You’re here because you either have a pending discrimination complaint, or you are anticipating one. Whether you are an employee-complainant or employer-respondent, you probably have several questions. We will try to help you understand the process and guide you to the next step on your conflict resolution journey.
Resolve workplace conflicts holistically and create the peaceful and productive work experience we all want.
What is Mediation?
Mediation is a private dispute resolution process that allows you to select a neutral third party to help you, but the mediator’s role is very different from the role of an arbitrator or judge. The mediator will not make any decisions for you. There will be no determination of facts or blame. Instead, the mediator will help the parties identify the root causes of the dispute, what you all need to happen, and how to get the results you want. Ideally, you will reach an agreement settling the case. If not, nothing you discuss during the mediation can be evidence in arbitration or at trial. So, you are free to explore possible resolutions without adverse consequences.
Common Conflicts Resolved through Mediation
- Conflicts among department or project managers
- Discrimination and sexual harassment complaints
- Employee attendance or performance disputes
The power you have over others isn’t the power you think you have. It’s the power that other people think you have.
~ Dr. Woo-Kyoung Ahn, Yale University
How Does Mediation Differ from Litigation?
The primary difference between mediation and litigation is the process. Unlike at trial, the focus is not on:
- Evidence proving the facts
- Liability or blame
We do not look to the past to figure out who the bad guys are so we can punish them. Instead, we focus on the future. Our goal is to create a mutually-agreeable plan that resolves the current dispute. We also consider ways to reduce the risk of a similar dispute.
How Does Mediation Differ from Arbitration?
Arbitration works a lot like going to court. The arbitrator(s) will review the evidence, including testimony, and decide how you the parties will resolve the complaint, based on what the arbitrators believe happened. For example, your employer might be directed to pay you money or reinstate your employment, if the arbitrator(s) believe you were discriminated against. If they believe your employer treated you fairly, you might receive nothing. Fortunately, most employers pay your share of the arbitration process, except for your attorney’s fees.
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Starting the Mediation Process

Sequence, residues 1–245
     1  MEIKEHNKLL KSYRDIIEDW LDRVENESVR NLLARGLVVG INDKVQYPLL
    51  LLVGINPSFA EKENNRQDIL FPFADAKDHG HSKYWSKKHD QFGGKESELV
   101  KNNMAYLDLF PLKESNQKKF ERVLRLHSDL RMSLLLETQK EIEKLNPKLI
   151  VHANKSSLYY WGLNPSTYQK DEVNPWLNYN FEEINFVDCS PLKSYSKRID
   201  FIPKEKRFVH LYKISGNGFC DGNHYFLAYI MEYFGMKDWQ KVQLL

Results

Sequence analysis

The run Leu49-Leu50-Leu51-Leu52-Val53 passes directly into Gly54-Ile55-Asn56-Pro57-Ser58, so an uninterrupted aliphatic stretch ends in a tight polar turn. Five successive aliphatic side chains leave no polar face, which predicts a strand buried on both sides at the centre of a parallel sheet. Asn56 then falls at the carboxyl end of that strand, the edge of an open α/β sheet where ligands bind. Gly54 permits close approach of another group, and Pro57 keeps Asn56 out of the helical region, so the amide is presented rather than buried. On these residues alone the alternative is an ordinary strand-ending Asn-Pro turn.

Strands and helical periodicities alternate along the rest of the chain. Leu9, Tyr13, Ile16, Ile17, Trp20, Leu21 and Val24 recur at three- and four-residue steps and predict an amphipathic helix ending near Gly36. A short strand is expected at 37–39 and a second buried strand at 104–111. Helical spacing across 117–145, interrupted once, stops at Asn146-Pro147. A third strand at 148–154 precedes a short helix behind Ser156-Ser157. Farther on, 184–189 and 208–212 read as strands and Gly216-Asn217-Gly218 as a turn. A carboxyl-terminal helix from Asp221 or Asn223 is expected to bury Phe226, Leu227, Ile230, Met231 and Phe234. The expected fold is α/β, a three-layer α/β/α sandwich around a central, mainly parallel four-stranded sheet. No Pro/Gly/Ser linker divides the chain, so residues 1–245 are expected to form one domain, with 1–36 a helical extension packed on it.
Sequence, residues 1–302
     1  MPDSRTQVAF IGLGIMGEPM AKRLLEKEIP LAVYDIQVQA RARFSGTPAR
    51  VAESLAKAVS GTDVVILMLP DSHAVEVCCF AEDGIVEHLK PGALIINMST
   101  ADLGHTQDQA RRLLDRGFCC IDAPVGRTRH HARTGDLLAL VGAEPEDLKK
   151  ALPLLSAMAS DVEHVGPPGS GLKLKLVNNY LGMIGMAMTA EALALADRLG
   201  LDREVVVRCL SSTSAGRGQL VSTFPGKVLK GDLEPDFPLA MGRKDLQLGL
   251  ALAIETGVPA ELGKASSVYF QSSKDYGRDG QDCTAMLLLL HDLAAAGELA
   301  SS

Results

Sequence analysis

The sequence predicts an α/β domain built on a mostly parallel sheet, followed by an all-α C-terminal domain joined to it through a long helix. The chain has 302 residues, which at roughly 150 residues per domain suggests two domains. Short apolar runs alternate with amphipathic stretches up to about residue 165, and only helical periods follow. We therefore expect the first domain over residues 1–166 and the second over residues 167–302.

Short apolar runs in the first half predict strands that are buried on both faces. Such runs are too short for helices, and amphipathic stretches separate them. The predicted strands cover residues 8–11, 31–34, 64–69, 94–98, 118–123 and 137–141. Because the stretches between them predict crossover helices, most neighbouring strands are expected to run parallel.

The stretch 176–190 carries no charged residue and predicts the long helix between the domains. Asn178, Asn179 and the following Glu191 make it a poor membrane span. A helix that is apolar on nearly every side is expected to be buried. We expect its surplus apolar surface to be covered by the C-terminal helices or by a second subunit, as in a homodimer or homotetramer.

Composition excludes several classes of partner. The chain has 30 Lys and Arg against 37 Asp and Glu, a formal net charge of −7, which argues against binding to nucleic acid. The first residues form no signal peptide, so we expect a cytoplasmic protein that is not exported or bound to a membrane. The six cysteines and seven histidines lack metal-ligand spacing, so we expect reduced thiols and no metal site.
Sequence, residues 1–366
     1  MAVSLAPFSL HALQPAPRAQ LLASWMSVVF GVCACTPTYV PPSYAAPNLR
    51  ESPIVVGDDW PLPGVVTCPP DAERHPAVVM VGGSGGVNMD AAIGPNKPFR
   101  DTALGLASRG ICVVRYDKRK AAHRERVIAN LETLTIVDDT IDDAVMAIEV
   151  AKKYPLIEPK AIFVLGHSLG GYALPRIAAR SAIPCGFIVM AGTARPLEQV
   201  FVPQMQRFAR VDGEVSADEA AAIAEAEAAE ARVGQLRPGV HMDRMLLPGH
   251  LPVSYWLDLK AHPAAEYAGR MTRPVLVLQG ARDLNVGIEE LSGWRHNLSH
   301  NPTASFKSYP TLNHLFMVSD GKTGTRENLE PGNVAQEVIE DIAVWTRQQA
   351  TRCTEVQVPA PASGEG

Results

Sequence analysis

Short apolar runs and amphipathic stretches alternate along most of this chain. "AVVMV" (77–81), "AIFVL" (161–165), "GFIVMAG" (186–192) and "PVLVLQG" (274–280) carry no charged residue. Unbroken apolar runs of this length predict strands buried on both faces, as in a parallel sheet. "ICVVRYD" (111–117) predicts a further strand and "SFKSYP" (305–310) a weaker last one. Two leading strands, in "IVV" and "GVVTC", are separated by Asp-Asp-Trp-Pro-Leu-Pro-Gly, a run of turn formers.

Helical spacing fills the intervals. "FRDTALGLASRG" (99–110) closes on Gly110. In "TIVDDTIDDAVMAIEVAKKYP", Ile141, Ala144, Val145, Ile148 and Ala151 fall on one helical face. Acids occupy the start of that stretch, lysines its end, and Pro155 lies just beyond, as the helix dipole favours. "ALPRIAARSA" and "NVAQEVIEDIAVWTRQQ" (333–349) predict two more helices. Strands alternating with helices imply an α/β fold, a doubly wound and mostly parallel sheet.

You can request mediation at any stage of the conflict resolution process.
- If you have not yet filed a complaint with your employer, you can suggest mediation to your supervisor or Human Resources Department. You might need to file a complaint to get them to prioritize your issue, but you might also find that approaching your employer with a complaint and a request for a process to find a mutually-agreeable resolution also gets their attention.
- If you have already filed a complaint with the New York City Commission on Human Rights, the New York State Division of Human Rights, or the Equal Employment Opportunity Commission, mediation is available through that agency. Contact your case administrator for more information.
- If you are an employer who has received a discrimination or sexual harassment complaint and want to propose mediation, request a consultation to see if we are a good fit.
Do You Need a Lawyer for Mediation?
No, but you might want to consult one before you agree to mediation. As an employee, it might put your mind at ease and help you protect your rights to litigate if you don’t reach a settlement agreement in mediation. As an employer, your insurance contract might provide you with legal counsel. Your coverage might also require you to consult counsel before proceeding.
Where Can You Find a Lawyer?
When we are not eligible to mediate an employment dispute, we sometimes represent complainant-plaintiffs or respondent-defendants in mediation before administrative agencies and the court of the Southern District of New York. If you are an employer, you might have insurance coverage that provides legal counsel for the mediation. Check your insurance policy for a “Duty to Defend” clause.
For representation beyond the mediation, we typically refer parties to the below attorneys:
There might also be free or low-cost services available to some parties through: